FORT JACKSON, S.C. -- The Army plans to toughen its fitness tests for the first time in 30 years to make sure all soldiers have the strength, endurance and mobility for battle, adding exercises like running an obstacle course in full combat gear and dragging a body’s weight.
Officials at Fort Jackson, a major Army training center, said Tuesday the new regimen would replace twice-a-year testing that focused on push-ups, sit-ups and a two-mile run. Trials are starting this month at eight installations including Fort Benning and the plan could be adopted Army-wide after reviews later this year.
The shift follows other Army efforts to overhaul training, improve diets and help older soldiers keep fit.
Lt. Gen. Mark Hertling, the head of Army training, said the fitness test had to be revamped because repetitive exercises like sit-ups don’t translate into survival on the battlefield.
Unveiling the pilot to reporters, he said the service was also adopting lessons from Iraq and Afghanistan combat veterans who had to learn in the field to carry anywhere from 40 to 70 pounds of weapons and body armor.
“Soldiers like to be challenged. This will definitely challenge them,” Hertling said. “This is a good, combat-related test.”
The pilot program comprises two new tests in place of the current exam.
The new “physical readiness” test adds such things as a 60-yard shuttle run and a standing long jump to one minute of push-ups and a 1.5-mile timed run. This might be given every six months, said Frank Palkoska, head of the Army’s Fitness School at Fort Jackson.
A “combat readiness” test includes running 400 meters with a rifle, moving through an obstacle course in full combat gear, and crawling and vaulting over obstacles while aiming a rifle. Soldiers also have to run on a balance beam while carrying a 30-pound ammo box and do an agility sprint around a course field of cones.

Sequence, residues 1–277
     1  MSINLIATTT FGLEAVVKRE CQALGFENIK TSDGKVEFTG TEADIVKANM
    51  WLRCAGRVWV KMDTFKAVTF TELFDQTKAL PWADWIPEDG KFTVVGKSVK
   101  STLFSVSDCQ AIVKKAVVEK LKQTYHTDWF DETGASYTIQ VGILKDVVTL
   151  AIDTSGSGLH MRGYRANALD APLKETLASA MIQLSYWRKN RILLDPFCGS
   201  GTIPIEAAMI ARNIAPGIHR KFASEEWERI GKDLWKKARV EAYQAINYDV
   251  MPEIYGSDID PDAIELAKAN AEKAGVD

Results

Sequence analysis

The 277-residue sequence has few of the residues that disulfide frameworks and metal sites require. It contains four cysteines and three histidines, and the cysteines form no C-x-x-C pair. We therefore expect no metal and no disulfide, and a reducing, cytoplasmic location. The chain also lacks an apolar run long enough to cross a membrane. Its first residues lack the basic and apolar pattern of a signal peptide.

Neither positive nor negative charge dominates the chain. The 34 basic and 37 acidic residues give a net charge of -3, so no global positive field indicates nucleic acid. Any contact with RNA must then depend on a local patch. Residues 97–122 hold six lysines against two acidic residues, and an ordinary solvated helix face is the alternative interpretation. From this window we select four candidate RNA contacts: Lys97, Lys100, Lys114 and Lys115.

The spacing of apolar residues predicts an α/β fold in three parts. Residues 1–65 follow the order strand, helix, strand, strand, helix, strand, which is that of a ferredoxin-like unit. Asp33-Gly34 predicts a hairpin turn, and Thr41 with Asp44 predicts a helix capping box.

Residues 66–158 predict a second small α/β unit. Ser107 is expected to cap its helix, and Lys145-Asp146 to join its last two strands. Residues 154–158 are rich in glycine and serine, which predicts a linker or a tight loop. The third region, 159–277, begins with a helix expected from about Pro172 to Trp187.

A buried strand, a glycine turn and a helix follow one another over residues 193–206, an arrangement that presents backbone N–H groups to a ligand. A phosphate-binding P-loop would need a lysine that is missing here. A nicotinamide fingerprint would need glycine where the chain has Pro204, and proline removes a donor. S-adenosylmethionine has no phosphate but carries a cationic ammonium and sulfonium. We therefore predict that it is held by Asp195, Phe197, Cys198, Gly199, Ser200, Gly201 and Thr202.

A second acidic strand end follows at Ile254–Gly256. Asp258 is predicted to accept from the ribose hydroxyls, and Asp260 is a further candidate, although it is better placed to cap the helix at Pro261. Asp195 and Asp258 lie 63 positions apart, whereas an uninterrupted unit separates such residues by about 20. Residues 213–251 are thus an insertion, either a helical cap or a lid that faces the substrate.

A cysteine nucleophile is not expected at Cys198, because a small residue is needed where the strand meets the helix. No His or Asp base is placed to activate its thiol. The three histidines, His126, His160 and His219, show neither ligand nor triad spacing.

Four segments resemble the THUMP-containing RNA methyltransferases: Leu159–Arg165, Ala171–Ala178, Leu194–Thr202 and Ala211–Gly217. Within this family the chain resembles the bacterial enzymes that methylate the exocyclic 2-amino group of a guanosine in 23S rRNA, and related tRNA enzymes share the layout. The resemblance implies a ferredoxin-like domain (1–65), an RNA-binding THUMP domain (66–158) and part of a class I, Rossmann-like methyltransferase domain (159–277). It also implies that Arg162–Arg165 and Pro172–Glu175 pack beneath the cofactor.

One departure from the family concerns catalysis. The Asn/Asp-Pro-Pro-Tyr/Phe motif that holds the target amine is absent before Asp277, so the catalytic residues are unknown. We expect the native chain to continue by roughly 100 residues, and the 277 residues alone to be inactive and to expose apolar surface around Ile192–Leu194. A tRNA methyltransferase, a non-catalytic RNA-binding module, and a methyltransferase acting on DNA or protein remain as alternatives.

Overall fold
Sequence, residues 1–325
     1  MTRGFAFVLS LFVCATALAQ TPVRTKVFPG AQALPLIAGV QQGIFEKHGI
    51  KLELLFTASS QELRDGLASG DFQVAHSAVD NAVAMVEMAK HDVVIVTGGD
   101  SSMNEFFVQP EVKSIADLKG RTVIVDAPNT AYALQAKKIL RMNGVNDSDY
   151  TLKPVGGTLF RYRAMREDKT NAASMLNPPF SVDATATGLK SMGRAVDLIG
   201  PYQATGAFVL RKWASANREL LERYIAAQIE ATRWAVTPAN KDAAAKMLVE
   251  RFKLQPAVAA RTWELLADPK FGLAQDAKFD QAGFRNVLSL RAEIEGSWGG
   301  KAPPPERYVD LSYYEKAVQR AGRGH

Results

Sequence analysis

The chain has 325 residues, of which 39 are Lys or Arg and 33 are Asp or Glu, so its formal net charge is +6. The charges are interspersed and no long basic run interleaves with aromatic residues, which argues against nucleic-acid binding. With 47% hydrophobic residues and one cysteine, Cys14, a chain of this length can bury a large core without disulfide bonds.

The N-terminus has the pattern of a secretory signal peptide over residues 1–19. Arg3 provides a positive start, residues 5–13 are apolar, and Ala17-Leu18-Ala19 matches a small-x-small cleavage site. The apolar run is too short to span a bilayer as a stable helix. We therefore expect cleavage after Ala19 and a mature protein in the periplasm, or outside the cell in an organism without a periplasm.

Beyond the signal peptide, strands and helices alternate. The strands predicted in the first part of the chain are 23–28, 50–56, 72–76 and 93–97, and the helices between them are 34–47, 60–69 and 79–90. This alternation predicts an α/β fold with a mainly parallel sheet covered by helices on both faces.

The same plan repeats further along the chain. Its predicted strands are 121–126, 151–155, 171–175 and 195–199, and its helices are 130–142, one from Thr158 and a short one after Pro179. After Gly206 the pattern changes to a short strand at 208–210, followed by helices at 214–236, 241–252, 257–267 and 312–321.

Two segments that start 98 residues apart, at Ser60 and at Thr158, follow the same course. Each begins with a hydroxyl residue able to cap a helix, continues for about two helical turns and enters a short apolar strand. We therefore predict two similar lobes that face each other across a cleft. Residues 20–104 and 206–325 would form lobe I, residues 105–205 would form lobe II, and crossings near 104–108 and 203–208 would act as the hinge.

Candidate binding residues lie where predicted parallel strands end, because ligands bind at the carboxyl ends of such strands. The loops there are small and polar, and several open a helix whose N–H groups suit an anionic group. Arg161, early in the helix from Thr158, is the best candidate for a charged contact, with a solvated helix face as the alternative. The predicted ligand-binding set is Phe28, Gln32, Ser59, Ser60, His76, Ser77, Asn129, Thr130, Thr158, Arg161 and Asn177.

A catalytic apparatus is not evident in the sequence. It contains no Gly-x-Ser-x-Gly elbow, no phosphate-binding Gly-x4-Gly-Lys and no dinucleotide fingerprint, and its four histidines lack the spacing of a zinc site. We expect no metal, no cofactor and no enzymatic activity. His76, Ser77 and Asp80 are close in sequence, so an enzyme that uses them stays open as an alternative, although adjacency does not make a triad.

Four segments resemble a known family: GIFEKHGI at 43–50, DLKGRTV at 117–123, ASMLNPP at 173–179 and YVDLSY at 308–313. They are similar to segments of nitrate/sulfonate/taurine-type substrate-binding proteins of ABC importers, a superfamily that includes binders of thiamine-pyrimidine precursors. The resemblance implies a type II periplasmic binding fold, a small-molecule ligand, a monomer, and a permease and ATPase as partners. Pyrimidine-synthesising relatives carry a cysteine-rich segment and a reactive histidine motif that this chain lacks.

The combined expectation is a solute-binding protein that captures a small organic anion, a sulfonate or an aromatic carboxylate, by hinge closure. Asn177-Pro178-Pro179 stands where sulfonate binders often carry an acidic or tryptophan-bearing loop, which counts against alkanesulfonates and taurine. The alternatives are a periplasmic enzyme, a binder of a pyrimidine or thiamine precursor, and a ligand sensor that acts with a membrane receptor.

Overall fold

To test pulling a fallen comrade from the battlefield, soldiers must drag a sled weighted with 180 pounds of sandbags. That combat portion of the test might be given only before deployments, but that has not been decided.
Retired Command Sgt. Maj. Jimmy Richards, who served almost 32 years in the Army and trained soldiers at Fort Benning, Fort Stewart and other installations before retiring, said the new proposal sounds realistic.
“They used to talk about that a long time ago,” said Richards, who is now a JROTC instructor at Kendrick High School in Columbus with almost 52 years in uniform. “When I was post sergeant major, they had suggested why we can’t make it realistic? You are going into combat, and just do pullups, sit-ups and run two miles?
The new test will be better for soldiers, he said.
“I think it will be good,” Richards said. “It’s going to eliminate those who can only do push-ups and sit-ups.”
The tests will be given to all soldiers and officers, including Army Reserves and National Guard, and even to those recalled soldiers who are now 60 years old and above, officials said.
Specific standards for men and women and by age ranges are still being worked out, Palkoska said.
“This is about training smarter, not just training more,” said Hertling.
The pilot program will begin this month and test data will be given to Army leaders by October. The program could be implemented Army-wide during the fiscal year that starts in October, Palkoska said.
Besides Fort Jackson and Fort Benning, the program will be tested at Fort Leonard Wood, Mo.; Fort Sill, Okla.; Fort Bliss, Texas; Fort Bragg, N.C.; Fort Lewis, Wash.; and at the Army’s military academy at West Point.
Ledger-Enquirer staff writer Ben Wright contributed to this report.